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In a fraction of that time, the descendants of African Eve were on the move. Or some of them were. The genetic evidence appears to show that the whole of Asia, Europe, Australia, and the Americas were populated by the descendants of a single group of hunter-gatherers who left Africa about 3, generations ago — around 85, BP. Why did people move?
Almost certainly, as hunter-gatherers, they went in search of food, responding to resource depletion, population pressure, and climate change. They were adapted for this — adapted to adapt. Designed for endurance walking and running, they were capable of long-distance movement. Their manual dexterity made them excellent tool-makers.
Their large brains rendered them capable of abstract thought, detailed planning, linguistic communication, and social organisation. They formed small, tight-knit, cooperative groups. These groups were linked in loose but extensive networks based on kinship, exchange, and mutual support.
They were, in the sense in which archaeologists use the term, 'cultured': their ways of getting food, living together, sharing tasks, making tools, ornamenting themselves, burying the dead, and much else were agreed within the groups and followed set rules. This implies something more: they were making conscious, collective choices. You talk things through and then you decide. The challenges of the endless search for food often posed alternatives.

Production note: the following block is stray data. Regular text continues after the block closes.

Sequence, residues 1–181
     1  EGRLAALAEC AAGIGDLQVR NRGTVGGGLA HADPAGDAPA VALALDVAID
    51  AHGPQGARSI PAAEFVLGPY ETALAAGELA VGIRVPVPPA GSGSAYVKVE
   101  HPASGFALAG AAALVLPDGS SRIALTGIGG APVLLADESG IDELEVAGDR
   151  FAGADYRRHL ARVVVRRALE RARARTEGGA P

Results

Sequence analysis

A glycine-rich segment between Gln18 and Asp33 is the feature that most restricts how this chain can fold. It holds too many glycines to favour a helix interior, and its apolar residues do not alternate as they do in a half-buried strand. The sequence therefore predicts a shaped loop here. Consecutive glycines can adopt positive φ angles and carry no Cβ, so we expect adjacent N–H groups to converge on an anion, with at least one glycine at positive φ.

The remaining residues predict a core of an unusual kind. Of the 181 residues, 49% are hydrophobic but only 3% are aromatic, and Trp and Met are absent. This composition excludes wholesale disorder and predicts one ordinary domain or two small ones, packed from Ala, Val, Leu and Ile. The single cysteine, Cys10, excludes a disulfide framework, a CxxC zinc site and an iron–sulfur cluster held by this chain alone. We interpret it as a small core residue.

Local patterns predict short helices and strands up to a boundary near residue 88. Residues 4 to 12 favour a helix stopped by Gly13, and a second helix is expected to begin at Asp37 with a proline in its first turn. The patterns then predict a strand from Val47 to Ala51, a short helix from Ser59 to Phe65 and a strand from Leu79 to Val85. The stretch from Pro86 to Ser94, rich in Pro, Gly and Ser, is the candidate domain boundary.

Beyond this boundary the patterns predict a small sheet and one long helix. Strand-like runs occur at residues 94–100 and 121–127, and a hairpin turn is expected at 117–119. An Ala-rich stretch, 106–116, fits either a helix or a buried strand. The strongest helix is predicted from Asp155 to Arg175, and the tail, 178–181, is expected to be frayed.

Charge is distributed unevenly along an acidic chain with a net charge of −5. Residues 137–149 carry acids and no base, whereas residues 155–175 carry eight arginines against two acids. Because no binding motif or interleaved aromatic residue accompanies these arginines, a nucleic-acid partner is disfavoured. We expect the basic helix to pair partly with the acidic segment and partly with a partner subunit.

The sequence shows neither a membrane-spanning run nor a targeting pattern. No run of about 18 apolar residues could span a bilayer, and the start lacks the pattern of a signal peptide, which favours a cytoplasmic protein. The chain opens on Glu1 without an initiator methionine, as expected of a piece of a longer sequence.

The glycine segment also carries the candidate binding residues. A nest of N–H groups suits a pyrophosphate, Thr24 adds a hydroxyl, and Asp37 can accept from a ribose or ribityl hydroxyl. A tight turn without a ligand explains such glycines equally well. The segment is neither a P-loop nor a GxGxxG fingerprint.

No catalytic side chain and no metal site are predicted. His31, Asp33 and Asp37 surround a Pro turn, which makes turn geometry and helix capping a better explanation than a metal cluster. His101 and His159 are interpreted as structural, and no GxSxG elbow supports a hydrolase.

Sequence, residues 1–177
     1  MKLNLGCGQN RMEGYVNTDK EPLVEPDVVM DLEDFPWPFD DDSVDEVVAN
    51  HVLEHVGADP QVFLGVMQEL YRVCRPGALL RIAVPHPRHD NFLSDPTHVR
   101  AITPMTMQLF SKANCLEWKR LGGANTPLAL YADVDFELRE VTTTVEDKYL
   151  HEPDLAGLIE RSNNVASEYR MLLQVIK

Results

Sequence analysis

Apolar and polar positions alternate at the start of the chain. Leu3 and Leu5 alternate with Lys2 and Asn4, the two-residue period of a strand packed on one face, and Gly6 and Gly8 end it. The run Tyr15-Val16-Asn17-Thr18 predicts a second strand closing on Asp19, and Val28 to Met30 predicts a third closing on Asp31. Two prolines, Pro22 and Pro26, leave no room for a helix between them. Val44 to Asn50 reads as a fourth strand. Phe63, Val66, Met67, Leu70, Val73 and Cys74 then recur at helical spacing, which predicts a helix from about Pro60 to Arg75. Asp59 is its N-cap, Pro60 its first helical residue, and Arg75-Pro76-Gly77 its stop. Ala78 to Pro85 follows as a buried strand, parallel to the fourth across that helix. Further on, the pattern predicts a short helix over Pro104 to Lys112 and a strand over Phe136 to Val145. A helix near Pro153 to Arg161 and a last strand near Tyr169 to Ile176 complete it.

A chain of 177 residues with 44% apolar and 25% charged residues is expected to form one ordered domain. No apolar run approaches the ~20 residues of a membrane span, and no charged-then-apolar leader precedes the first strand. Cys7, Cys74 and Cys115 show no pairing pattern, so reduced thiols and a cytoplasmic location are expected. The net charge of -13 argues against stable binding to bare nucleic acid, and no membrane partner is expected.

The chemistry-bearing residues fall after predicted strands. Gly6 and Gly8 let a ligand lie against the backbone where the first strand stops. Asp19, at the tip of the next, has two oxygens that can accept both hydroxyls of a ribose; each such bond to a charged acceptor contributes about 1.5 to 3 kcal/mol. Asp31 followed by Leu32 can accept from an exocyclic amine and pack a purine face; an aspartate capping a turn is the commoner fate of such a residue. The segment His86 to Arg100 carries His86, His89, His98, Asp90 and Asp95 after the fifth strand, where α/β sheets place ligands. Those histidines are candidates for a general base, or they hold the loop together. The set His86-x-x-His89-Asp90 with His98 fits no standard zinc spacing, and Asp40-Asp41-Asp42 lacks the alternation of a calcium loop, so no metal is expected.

Some groups will have made a more conservative choice: stay where you are, carry on as before, hope for the best. Others will have been more enterprising, perhaps moving into unknown territory, trying new hunting techniques, or linking up with other groups to pool knowledge, resources, and labour. A dominant characteristic of Homo sapiens, therefore, was an unrivalled ability to meet the demands of diverse and changeable environments.
Initially, they would have migrated along resource-rich coastlines and river systems.
But they seem soon to have spread into the hinterland; and wherever they went, they adapted and fitted in. In the Arctic, they hunted reindeer; on the frozen plains, mammoth; on the grasslands, wild deer and horses; in the tropics, pigs, monkeys, and lizards. Toolkits varied with the challenges. Instead of simple handaxes and flakes, they manufactured a range of 'blades' — sharp-edged stone tools longer than they were wide which were struck from specially prepared prismatic cores.